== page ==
Technology is a hugely popular investment trend. That’s hardly surprising – it’s everywhere (you’re reading this very article using technology).
So, here we take a look at 5 ETFs leveraged to the technology trend.
The technology landscape
Technology companies generally either supply software or hardware, or services related to them. Hardware is physical, things like your computer, phone or other device. Software is code installed on the hardware to run programs or apps.
Technology companies operate in a broad range of new and existing sectors. The technology industry is vast, encompassing everything from device manufacture to augmented reality. Things that weren’t previously within the technology space are becoming so as the internet of things becomes a reality.
By one estimate, “the digital economy is worth $11.5 trillion globally, equivalent to 15.5 percent of global GDP, and has grown two and a half times faster than global GDP over the last 15 years.”
Technological advancement seems to occur at an exponential rate thanks to Moore’s law, which states that computers and the information technologies that use them double their capabilities every 12–18 months.
Cybersecurity is becoming an increasing concern as more data is available in more places. Large organisations are gathering increasing amounts of personal information about their customers in order to gain consumer insights. At the same time, initiatives like Open Banking are attempting to give customers some control over how their data is used.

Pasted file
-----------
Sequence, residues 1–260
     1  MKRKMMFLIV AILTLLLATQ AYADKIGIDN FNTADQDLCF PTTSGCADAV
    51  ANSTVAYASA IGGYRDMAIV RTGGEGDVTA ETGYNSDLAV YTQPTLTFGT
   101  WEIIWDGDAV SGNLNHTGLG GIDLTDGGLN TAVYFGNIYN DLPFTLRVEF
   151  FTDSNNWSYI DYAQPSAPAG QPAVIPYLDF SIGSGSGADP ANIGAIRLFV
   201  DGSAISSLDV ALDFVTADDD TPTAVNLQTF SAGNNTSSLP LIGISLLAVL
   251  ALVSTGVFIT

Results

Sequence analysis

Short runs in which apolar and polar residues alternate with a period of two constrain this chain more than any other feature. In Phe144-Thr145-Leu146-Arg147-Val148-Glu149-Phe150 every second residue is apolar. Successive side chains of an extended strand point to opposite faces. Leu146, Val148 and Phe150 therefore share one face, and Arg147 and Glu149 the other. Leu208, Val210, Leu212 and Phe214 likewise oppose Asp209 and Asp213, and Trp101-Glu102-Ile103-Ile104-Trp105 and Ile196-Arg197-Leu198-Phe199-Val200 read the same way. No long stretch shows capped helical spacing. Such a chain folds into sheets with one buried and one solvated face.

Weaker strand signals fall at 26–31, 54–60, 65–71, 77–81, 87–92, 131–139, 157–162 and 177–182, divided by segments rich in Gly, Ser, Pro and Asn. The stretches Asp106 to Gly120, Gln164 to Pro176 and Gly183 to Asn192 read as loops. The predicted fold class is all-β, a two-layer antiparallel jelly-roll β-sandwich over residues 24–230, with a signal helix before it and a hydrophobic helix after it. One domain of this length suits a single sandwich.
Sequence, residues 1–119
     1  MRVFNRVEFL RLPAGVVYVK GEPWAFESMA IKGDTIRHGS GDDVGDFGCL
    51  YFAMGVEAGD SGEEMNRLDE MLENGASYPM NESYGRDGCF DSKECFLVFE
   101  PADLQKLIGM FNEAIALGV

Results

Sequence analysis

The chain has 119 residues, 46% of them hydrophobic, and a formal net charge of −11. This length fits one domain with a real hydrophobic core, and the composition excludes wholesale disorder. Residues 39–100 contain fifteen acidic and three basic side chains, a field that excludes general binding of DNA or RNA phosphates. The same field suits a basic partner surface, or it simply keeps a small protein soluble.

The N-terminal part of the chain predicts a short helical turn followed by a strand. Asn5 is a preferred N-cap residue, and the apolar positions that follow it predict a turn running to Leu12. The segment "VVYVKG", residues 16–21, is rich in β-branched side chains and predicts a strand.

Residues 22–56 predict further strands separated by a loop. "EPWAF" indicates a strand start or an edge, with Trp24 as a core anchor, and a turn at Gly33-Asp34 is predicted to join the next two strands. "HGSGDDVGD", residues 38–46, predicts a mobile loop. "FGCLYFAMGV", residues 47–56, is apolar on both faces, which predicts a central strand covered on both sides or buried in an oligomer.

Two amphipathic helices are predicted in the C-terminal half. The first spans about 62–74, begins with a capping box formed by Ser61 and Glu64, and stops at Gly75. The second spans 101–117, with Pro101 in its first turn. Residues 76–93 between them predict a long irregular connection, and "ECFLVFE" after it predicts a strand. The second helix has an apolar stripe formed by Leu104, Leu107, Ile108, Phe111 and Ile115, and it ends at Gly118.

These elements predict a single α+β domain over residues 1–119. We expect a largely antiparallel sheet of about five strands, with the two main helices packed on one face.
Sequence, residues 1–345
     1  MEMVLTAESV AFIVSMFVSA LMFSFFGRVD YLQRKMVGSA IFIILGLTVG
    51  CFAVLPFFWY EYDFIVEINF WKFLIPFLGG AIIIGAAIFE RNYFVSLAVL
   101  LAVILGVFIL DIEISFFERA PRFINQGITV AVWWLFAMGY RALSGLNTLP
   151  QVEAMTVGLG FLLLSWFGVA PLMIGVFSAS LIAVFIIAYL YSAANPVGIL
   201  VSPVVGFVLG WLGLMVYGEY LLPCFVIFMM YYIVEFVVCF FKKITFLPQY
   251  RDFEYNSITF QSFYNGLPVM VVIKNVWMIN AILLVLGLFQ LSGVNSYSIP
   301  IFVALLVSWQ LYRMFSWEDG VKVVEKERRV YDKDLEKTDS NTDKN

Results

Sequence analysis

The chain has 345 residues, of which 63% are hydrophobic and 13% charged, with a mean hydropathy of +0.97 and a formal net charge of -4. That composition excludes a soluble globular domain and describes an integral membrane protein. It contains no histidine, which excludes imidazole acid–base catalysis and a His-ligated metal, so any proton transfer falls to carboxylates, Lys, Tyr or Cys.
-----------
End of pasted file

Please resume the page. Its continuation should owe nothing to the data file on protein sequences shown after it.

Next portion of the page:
Increased regulation around data security and usage necessitates increased resourcing of data protection and management. As the source of data, businesses become prime targets for cyber-attacks. The global cybersecurity market is forecast to grow to US$248 billion by 2023.
Technology and ETFs
Exchange traded funds (ETFs) providing sector specific access to technology shares are available to trade on the ASX. ETFs are traded just like ordinary shares. ETFs, however, provide exposure to a basket of underlying securities.
Holding multiple securities means ETFs come with a measure of inbuilt diversification. Diversification lowers unsystematic risk, reducing the volatility of portfolio returns.
Sector specific ETFs, such as technology ETFs hold a range of shares within the technology sector. They are diversified within the sector, but not outside the sector.
Here are 5 ETFs designed specifically for technology investors.